On an average day, or at least an average day in the last three months, NextWave Wireless (OTC: WAVE) constitutes nothing more than a ripple of trading at around 8,000 shares. Today saw NextWave, and its massive debt of over half a billion dollars, trade 36 shares shy of 1.5 million on AT&T’s announcement that it would be making a cash offer for NextWave and it’s unused wireless spectrum.
AT&T (NYSE: T) also announced, though didn’t disclose details, that it would be acquiring the limited amount of spectrum that Comcast isn’t selling Verizon (NYSE: VZ). AT&T is also planning to purchase spectrum from Horizon Wi-Com, a small Miami-based company that tried and failed to start up its own wireless broadband network.
Not surprisingly, shares of NextWave Wireless went mental, closing the day up well over 400%. NextWave began the day at $0.25 and closed at $1.29.
AT&T is clearly looking for additional broadband options following its proposed purchase of T-Mobile, which was struck down on anti-trust grounds last year. The size of the deals couldn’t be more glaring in comparison. It was AT&T’s intention to purchase T-Mobile for $39 billion, while today’s three deals combined should not exceed $1 billion, with up to $600 million going to NextWave alone.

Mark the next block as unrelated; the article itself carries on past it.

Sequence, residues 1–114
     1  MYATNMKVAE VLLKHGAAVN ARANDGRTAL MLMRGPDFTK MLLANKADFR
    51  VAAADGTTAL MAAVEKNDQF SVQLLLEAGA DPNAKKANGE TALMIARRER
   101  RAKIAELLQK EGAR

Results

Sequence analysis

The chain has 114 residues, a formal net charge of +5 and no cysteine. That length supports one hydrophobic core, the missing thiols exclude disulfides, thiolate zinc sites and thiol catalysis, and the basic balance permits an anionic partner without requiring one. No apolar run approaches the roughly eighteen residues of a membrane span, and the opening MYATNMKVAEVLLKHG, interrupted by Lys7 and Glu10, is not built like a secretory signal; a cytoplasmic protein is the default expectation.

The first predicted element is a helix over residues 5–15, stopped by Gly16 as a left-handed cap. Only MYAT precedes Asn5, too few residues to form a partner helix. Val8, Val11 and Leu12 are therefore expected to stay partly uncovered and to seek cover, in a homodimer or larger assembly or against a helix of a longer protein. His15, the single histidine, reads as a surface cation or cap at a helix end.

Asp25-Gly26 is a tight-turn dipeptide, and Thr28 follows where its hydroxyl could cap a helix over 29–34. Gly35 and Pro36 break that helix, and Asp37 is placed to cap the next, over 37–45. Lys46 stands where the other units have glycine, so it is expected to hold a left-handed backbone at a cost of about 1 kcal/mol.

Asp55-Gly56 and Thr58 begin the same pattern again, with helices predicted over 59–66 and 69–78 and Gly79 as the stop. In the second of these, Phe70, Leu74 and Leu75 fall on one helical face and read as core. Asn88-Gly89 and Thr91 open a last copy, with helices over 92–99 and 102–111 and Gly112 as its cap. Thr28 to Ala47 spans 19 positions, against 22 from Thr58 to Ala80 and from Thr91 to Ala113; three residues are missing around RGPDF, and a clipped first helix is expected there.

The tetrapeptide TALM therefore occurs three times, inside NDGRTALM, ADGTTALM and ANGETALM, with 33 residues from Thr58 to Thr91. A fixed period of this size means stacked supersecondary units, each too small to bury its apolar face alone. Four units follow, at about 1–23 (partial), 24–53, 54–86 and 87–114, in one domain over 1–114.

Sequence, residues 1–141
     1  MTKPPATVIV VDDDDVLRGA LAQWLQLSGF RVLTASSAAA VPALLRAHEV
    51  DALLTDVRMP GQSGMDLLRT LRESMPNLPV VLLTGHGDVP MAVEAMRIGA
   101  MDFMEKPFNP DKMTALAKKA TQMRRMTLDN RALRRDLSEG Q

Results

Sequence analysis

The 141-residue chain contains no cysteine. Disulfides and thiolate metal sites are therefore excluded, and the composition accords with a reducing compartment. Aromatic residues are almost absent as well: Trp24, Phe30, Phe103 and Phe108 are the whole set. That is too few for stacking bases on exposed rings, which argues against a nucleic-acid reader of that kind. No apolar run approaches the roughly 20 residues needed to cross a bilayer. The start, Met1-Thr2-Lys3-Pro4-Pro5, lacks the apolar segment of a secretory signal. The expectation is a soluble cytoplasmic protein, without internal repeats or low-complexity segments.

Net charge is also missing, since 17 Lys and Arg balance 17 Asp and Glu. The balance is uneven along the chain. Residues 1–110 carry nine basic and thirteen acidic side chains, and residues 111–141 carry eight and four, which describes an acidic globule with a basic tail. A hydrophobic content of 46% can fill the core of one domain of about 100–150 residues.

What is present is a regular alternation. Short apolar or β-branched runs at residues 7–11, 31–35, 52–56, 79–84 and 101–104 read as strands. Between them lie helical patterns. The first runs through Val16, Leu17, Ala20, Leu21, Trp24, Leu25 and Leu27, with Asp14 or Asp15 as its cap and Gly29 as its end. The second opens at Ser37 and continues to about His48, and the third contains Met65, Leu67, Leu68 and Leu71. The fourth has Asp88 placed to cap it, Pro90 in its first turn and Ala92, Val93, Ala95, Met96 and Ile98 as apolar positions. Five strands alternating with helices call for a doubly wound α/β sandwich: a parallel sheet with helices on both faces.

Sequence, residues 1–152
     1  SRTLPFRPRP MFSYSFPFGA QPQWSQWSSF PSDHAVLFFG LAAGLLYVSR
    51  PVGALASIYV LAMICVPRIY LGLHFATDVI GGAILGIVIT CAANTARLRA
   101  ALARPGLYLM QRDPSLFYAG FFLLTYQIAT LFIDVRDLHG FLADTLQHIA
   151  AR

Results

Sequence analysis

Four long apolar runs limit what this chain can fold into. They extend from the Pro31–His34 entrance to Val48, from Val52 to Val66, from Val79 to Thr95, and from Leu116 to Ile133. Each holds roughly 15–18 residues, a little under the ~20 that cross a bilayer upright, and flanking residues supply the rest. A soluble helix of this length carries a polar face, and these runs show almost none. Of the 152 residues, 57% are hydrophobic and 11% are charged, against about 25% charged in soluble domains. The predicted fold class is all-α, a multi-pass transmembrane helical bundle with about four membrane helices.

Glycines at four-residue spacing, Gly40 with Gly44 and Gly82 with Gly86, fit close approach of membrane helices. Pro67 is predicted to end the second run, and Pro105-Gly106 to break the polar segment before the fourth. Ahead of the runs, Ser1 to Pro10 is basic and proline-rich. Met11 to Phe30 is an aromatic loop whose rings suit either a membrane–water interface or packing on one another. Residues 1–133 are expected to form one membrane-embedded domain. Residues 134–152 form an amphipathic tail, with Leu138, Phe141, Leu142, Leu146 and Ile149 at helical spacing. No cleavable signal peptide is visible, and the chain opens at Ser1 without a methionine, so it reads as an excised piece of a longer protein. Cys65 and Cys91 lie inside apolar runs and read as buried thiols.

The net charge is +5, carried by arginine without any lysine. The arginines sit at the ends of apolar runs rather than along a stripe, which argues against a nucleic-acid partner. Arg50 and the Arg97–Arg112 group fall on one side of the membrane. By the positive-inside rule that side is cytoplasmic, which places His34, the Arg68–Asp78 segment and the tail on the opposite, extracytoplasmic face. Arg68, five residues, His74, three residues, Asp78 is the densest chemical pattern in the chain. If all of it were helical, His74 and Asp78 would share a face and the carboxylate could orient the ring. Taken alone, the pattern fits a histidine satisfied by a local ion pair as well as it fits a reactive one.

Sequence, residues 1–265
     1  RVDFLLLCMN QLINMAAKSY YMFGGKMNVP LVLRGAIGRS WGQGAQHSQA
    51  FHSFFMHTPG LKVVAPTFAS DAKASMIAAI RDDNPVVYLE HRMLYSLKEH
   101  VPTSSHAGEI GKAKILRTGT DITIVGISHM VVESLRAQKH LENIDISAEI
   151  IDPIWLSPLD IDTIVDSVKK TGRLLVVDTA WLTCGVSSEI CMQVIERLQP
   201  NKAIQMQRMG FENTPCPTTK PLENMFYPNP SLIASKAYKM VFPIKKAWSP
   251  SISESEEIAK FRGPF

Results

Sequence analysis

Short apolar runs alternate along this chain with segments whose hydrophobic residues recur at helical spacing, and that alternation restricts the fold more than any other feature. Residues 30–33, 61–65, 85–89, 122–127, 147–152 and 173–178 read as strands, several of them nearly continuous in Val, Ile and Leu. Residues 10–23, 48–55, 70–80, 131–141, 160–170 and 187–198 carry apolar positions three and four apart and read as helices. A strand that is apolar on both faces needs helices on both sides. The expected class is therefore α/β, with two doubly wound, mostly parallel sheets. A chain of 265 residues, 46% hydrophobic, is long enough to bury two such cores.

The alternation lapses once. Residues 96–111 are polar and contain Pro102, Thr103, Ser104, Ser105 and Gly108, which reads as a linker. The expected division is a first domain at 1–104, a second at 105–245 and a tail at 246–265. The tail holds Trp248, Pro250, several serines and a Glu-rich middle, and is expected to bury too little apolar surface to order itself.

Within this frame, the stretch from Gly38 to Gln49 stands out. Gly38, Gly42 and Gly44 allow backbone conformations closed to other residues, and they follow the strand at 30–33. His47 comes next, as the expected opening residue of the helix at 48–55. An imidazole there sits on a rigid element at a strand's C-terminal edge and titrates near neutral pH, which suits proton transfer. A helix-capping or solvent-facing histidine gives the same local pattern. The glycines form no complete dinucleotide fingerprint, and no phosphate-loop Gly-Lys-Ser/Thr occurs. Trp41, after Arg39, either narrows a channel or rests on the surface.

NextWave’s radio bands have been problematic for the beleaguered company. They lie close to frequencies that are used for satellite communications, and interference concerns have prevented them from being used in the past.
Clearly, AT&T doesn’t worry about the FCC freeing these bands for the communications giant. “WCS spectrum was first auctioned in 1997, but has not been utilized for mobile Internet usage due to technical rules designed to avoid possible interference to satellite radio users in adjacent spectrum bands,” AT&T’s news release said. “In June, AT&T and Sirius XM filed a joint proposal with the FCC that would protect the adjacent satellite radio spectrum from interference and enable WCS spectrum — for the first time — to be used for mobile Internet service,” the release added. “This proposed solution on WCS spectrum, which is still under review by the FCC, effectively creates much-needed new spectrum capacity.”
The end result of today’s announcement regarding NextWave Wireless is twofold: Firstly, it will finally allow NextWave to die. Something the FCC intended years ago before the company was saved by the Supreme Court. Secondly, it shows that delisted NASDAQ companies with assets are often worth holding on to as they are downgraded to OTC markets.
The race is on between AT&T and Verizon to secure alternate spectrums. As the smart phone and tablet market expand each year, the key is finding smaller companies that can benefit from this upcoming fight between the only big kids left on the block.
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